Polish builders facing mergers or state control

By bne IntelliNews October 10, 2012

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Poland continues to struggle to prevent several of its biggest construction companies from toppling like dominoes. That could lead to a super-sized merger, claims the CEO of builder PBG, while the treasury minister says the state may be forced to take a controlling interest in Polimex.

The claim from Wieslaw Rozacki, in an interview published on October 9 by Dziennik Gazeta Prawna, comes hot on the heels of an admission from Treasury Minister Mikolaj Budzanowski that the state may need to take a controlling interest in the country's other large builder, Polimex.

Both companies are struggling on the back of loss-making contracts on infrastructure projects built in advance of the Euro 2012 football championships that Poland co-hosted in the summer. After much internal ideological debate, the government is now scrambling to prevent a full-scale collapse, which would hit the economy thanks to the PLN60bn the sector owes to the banks. Warsaw's grand plans to increase energy independence would also suffer without local companies capable of building the new infrastructure planned.

"We are right now talking about several vital entities for the Polish economy," Rozacki said, according to Reuters, although he offered little detail on the plan save that it would involve state development agency ARP, which has been at the forefront of efforts to dig the builders out of their hole. PBG entered bankruptcy in June.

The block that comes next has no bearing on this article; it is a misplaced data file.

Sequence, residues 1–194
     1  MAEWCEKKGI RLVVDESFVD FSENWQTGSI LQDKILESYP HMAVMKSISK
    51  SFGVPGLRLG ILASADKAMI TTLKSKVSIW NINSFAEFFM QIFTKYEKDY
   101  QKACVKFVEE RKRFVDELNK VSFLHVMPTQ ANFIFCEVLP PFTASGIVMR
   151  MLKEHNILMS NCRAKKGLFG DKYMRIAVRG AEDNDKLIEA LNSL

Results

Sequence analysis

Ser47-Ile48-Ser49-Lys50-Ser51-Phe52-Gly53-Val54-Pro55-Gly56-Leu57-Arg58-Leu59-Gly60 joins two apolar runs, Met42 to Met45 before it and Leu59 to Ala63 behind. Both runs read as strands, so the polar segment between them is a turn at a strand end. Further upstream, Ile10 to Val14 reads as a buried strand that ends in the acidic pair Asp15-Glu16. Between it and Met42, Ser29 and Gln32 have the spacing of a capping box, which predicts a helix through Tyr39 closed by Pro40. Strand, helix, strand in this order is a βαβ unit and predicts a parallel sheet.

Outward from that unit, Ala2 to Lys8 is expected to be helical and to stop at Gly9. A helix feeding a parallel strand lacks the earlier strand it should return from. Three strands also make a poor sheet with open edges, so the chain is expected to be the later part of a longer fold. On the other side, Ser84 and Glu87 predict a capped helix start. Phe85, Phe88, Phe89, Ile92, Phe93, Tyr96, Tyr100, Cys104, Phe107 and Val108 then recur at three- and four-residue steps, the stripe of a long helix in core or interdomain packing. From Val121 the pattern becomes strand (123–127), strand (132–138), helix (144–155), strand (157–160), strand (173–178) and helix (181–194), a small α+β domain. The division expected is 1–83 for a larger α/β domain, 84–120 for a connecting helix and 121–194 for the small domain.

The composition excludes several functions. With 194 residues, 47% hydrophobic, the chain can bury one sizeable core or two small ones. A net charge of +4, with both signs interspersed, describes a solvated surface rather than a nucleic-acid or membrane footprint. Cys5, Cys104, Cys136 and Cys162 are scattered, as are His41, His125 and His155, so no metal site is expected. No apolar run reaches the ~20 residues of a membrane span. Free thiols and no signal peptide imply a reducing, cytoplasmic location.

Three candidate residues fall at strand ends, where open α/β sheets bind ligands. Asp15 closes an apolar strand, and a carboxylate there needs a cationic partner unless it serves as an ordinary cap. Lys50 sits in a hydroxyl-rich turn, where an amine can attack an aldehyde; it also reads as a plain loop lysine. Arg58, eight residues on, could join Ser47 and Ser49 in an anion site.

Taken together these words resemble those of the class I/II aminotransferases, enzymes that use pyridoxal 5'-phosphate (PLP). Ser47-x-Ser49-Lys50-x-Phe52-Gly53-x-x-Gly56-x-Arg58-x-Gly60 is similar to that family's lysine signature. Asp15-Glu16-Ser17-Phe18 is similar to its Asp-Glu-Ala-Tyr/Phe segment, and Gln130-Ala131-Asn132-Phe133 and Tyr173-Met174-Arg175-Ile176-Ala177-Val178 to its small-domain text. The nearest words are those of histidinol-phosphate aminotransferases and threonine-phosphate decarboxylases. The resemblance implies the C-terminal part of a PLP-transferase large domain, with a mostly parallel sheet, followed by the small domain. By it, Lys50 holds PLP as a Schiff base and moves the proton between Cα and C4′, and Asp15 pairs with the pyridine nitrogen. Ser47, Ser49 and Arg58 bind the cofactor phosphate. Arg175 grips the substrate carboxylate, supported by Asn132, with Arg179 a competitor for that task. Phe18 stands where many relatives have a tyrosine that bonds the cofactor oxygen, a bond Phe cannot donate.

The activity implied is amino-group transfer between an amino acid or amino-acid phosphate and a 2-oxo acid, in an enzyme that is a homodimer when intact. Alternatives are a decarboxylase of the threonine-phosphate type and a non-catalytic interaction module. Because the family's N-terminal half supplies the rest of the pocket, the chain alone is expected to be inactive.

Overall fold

He declined to say, however, whether the discussion includes Polimex, which the treasury has become heavily involved in trying to save due to its strategic role in planned power projects.

Budzanowski has been busy persuading creditors to hold back on claims - "We reached an understanding in regard to the principles of business relations between two big banks concerning a high-risk investment of strategic importance to the state," he told Rzeczpospolita in an interview - and arranged for ARP to buy a stake of around 33%.

However, he admits that might not be enough, especially given that one small company has broken ranks. While the likes of banking monoliths PKO and Pekao have agreed with Budzanowski to hold back on debt of around PLN2.5bn, according to the Financial Times, a subcontractor called Eurometal has filed a request for Polimex to be placed into bankruptcy on the back of a PLN600,000 unpaid bill.

"We are thinking about taking a controlling stake in Polimex," Budzanowski said. "The thing is to be able to oversee the restructuring process and to be able to join in discussions with banks. That is why we are sending our representative to the board. Today, the most important is for the company to straighten out, sell off non-essential holdings and sign new energy contracts."

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